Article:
"[We] can chalk up the current state of the right not to its failures of imagination or excess of spleen – as some have done – but to its overwhelming success." - Corey Robin (The Reactionary Mind)
I am a firm believer that the imagination is the central identity marker of human consciousness.
Some prefer to speak of "reflective consciousness" (Sartre), "linguistic consciousness" (Jackendoff), "meta-consciousness" (Jaynes), or any other similar nexus of designation. This does not denigrate the other expressions of thought that compose the totality of imaginative consciousness. Quite the contrary. Thought is simultaneously affective, embodied, embedded, enacted, extended, pre-reflective, pre-subjective, pre-singular, etc, etc, etc...
These concepts all have value insofar as they indicate thinking tendencies of a co-inhering, co-constitutive, pluri-dimensional human expression. However, imaginative consciousness serves a unique set of purposes. For Hume, it was bringing the flux of sense data together. For Kant, it was the condition that allowed sense data to be apprehended. For Sartre, it was the moment of praxis that superseded the present toward the field of possibles. And for Burke, the imagination is the faculty that allows human beings to develop their moral tendencies – i.e. their character.
In fact, I tend to agree with all of these ideas. Not willing to limit the extent of the imagination's enactment, it seems best to me to recognize the ways in which the imagination is both transcendental and empirical. And what is more, it is crucial to recognize how it circumvents that simple bifurcation itself. This is why, following a term that Foucault employed, I think of the imagination as an historicized a priori. It is both an historically contingent construct and also the a priori transcendental grid by which we take up the world.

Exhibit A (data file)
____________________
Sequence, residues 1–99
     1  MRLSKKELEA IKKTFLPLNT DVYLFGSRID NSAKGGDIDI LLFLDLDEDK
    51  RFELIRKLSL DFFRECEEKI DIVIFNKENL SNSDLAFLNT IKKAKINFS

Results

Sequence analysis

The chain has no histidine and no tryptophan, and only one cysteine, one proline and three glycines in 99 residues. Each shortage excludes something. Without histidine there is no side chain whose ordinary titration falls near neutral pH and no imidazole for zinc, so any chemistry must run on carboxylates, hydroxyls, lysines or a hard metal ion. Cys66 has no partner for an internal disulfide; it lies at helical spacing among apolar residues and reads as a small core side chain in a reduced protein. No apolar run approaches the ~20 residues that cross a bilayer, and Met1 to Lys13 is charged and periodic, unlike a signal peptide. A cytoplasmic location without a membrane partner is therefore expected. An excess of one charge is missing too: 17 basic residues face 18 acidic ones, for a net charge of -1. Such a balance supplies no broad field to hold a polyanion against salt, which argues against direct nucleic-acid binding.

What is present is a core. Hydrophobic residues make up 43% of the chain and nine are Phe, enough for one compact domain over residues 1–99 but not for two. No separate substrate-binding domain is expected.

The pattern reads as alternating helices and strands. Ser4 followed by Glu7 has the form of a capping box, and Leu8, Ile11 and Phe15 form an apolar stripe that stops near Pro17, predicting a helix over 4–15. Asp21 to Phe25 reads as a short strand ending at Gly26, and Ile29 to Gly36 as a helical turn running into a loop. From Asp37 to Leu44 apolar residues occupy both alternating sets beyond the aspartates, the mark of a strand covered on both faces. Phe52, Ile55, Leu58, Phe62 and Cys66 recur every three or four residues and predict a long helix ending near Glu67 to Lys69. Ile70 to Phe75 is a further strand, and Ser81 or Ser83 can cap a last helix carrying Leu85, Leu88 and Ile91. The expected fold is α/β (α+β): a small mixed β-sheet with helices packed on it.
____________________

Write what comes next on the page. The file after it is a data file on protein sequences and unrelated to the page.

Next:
With that, I am intrigued by Corey Robin's analysis of the conservative imagination in his 2011 stalwart prophecy The Reactionary Mind: Conservatism from Edmund Burke to Sarah Palin. Famous for being "The Book that Predicted Trump," The Reactionary Mind is not merely a foretelling but, more importantly, it is a forthtelling. The prophetic tradition is often thought of as a soothsaying enclave predicting apocalyptic events of the end of linear historical time. This reductionistic perspective limits the robustness of the prophetic imagination, which was concerned with hailing the dictates of divine truth and calling people to task for their failure to live faithfully. Interestingly enough, characterizing prophecy as psychic fortune telling is beholden to the very criticism of conservative thought that Robin expounds.
Conservatism is not purely a spasm of irrationalism as Trilling once declared. Rather, for Robin, conservative logic is conditioned by a sense of nostalgia that is refracted through a counter-revolutionary spirit. Essentially, conservatism is an ideology of reaction that bears a logic not so dissimilar to the mark from which it seeks to separate itself. Of course, things must be understood in their unique expression, but the point is that conservatism has a malleability to it that enables conservative thinkers to perpetually reinvent themselves (albeit within particular parameters).